Holocaust survivor Zev Harel: 'Do all you can to be as good as you can be'
Harel, a professor emeritus at Cleveland State University, inspires audience at Elon University.
“Reflect on those days and the meaning of those days,” Holocaust survivor and Professor Emeritus of Cleveland State University Zev Harel told the assembled crowd at Elon University on May 3. “Reflect on where we are today and where you want us to be in the future.”
For the crowd of students, faculty, and staff who heard Harel share his memories of World War II in the packed LaRose Digital Theatre, those words were inspiring and impactful.
“One of the things I found really moving about the speaker is how he had a message for us,” shared Elon student Sara Lewin.
Harel is a survivor of the Auschwitz, Mauthausen and Ebensee concentration camps who was liberated by the Third Cavalry of the U.S. Army at the age of 15. He moved to Israel (then Palestine) after the end of World War II, and fought for the independence of the Jewish state in the elite Harel Brigade of the Palmach in the 1948 war.
Elon Hillel, The History Department, The Jewish Studies Department and The Center for Study of Religion, Culture, and Society came together to host Harel, whose words transfixed the crowd of hundreds who gathered that evening.
Although there are barely words to describe the unspeakable horrors that Harel experienced, he shared his powerful memories of living in a ghetto, seeing his grandfather killed before his eyes, and the horrid, unforgettable smell of the concentration camp at Auschwitz when he arrived there on a transport.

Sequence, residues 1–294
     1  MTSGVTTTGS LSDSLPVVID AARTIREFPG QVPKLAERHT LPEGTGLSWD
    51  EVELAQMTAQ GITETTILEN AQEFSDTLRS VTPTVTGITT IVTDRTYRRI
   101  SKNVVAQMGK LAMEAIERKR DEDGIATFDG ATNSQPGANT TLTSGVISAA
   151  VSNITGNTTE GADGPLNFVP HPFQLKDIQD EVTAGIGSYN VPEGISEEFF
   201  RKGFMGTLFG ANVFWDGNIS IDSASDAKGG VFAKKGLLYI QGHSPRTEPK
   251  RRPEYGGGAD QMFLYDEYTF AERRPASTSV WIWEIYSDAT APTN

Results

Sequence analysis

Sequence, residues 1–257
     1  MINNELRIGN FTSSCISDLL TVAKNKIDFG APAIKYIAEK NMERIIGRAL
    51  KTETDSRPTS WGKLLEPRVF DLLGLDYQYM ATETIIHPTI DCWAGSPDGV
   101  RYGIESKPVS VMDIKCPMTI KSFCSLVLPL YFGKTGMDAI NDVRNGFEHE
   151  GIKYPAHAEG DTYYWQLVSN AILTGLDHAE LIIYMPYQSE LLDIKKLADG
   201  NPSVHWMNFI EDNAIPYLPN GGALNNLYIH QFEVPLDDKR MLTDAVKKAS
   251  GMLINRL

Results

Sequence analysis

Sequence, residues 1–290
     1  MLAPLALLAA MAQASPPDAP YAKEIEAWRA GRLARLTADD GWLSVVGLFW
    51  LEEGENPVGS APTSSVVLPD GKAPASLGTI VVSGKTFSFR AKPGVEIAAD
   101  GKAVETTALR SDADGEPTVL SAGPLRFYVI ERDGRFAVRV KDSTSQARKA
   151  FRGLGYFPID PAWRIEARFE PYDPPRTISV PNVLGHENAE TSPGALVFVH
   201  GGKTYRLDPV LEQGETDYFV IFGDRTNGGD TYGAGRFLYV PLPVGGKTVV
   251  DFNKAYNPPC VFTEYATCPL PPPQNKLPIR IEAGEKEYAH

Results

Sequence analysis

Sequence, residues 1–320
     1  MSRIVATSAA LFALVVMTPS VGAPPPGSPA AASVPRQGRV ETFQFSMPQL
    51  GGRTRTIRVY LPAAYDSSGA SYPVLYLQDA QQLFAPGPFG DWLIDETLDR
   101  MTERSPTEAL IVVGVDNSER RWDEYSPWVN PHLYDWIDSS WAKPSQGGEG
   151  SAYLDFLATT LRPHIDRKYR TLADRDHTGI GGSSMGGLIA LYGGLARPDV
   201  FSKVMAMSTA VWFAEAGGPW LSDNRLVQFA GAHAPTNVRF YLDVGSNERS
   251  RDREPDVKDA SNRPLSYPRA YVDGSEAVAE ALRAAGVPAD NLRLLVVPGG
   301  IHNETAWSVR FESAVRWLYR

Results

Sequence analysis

“I remember that night. The sky was so beautiful, the sky was full of stars, but the stench,” Harel said.
But rather than dwelling on those details, Harel acknowledged the veterans of World Ward II who saved his life and the lives of so many others when they fought the Nazis. And he shared tales of the righteous who risked their lives to help others, and whose bravery inspired him to survive.
Harel shared an inspiring message with his audience, telling them to be grateful and thankful for life, to reflect on the past, but to look towards the future.
“Make yourself as righteous as you can be,” he told his audience.
Towards the end of his remarks, Harel offered up a special charge for the students in the audience: “You are the future,” he told them, “young men and women here, do all you can to be as good as you can be.”